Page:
In use, the clamp member 4244 is mounted on the beaded edges of the bag 4244 adjacent the pouch access opening 4242 as shown in FIG. 39. The bifurcated snaps 4248 and 4250 are then snapped into corresponding openings 4252 in the cleaner body 4200 for retaining the pouch access end close to and low on the body 4200. Of course when it is desired to remove the bag 4214 for discarding collected debris, the clamp member 4244 can be pulled from the cleaner body to withdraw the snaps 4248, 4250 from openings 4292 to detach the clamp member 4244 from the cleaner body. The clamp member 4244 can then be released from the bag beaded edges to allow them to be pulled apart for providing access to the pouch cavity.

From the foregoing, it should now be appreciated that a pool cleaner debris bag has been described characterized by a closure means for closing a bag access opening which has sufficient buoyancy in water to orient the bag to avoid impeding cleaner travel. Although a limited number of embodiments have been described, it is recognized that variations and modification may readily occur to those skilled in the art coming within the intended scope of the appended claims.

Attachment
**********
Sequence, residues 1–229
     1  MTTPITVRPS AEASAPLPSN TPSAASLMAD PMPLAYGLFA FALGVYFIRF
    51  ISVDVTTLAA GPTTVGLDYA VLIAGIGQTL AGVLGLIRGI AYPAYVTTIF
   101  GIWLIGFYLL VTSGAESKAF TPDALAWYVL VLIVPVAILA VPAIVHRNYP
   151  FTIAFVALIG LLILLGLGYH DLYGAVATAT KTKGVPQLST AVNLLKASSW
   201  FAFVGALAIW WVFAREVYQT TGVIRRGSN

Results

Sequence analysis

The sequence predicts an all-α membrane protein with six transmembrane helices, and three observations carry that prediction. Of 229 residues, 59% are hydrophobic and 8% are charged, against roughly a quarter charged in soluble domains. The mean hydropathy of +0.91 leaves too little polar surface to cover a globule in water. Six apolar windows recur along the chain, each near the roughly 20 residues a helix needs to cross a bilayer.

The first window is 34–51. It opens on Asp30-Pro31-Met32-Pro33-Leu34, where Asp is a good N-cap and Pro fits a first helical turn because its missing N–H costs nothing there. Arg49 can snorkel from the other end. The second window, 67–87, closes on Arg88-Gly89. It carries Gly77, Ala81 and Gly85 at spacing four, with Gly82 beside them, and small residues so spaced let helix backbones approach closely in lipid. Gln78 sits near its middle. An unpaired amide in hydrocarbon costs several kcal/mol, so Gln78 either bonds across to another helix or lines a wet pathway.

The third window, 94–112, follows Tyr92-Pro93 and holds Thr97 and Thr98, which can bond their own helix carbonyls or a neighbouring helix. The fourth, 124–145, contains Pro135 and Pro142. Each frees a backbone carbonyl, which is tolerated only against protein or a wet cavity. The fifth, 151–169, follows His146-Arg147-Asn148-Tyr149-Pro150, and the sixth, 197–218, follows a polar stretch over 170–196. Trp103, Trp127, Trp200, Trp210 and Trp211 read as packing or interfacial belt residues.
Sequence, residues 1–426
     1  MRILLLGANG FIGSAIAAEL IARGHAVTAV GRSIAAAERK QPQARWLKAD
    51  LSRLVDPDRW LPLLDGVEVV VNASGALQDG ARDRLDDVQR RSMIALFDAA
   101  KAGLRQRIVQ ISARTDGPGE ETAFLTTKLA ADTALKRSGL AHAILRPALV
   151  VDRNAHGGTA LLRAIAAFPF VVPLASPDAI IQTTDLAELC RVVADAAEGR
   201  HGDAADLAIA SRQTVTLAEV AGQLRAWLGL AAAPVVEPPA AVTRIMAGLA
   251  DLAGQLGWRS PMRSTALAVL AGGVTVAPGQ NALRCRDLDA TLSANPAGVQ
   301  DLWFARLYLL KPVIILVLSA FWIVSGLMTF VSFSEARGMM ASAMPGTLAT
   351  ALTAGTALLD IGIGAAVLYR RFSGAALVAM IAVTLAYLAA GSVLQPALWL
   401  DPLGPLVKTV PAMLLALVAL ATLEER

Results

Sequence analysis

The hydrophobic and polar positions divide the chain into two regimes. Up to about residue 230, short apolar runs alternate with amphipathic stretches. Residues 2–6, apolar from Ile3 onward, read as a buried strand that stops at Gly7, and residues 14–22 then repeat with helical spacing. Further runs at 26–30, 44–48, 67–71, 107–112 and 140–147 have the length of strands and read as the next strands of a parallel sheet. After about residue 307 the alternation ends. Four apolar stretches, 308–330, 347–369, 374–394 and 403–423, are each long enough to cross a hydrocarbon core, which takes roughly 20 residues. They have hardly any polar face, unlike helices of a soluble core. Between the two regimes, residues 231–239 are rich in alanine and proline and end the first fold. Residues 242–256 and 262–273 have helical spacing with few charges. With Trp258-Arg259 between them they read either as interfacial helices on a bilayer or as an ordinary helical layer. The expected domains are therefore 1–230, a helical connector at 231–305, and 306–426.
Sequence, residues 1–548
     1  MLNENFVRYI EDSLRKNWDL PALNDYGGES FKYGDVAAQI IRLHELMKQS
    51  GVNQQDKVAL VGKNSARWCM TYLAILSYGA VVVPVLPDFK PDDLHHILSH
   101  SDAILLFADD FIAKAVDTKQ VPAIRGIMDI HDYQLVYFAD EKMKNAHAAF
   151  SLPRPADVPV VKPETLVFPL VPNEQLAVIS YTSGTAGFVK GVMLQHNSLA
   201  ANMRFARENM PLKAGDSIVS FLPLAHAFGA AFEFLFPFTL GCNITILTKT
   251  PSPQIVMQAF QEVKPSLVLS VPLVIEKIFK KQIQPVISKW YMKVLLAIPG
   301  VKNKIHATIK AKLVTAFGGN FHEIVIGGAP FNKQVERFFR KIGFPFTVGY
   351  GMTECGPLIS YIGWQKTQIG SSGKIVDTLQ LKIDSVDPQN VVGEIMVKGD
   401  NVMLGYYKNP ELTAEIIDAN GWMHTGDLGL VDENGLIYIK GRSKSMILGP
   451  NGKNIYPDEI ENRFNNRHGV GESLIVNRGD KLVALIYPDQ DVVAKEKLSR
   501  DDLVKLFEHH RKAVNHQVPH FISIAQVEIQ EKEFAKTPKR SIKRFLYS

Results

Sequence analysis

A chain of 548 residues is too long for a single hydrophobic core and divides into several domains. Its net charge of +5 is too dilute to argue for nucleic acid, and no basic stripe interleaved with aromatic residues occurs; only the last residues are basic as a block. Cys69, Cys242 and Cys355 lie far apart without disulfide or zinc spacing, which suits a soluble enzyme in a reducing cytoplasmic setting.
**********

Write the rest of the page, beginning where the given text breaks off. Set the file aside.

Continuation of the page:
It will be understood that the embodiments described herein are merely exemplary and that a person skilled in the art may make many variations and modifications without departing from the spirit and scope of the invention. All such variations and modifications, including those discussed above, are intended to be included within the scope of the invention as defined in the appended claims.

Referenced by
Citing PatentFiling datePublication dateApplicantTitle
US7273546 *Apr 11, 2005Sep 25, 2007Zodiac Pool Care, Inc.Disposable filter bag for a pool cleaner
US7318448Oct 25, 2002Jan 15, 2008H-Tech, Inc.Swimming pool cleaning apparatus and parts therefor
US7455767 *May 10, 2006Nov 25, 2008Pamperin Roger FDebris gathering device for swimming pools
US7507332Jul 20, 2005Mar 24, 2009Henkin-Laby, LlcSwimming pool cleaner debris container
US7677268Oct 31, 2007Mar 16, 2010Hayward Industries, Inc.Fluid distribution system for a swimming pool cleaning apparatus
Classifications
U.S. Classification210/167.17, 4/490, 15/1.7
International ClassificationE04H4/16
Cooperative ClassificationF16K11/20, E04H4/1654
European ClassificationF16K11/20, E04H4/16C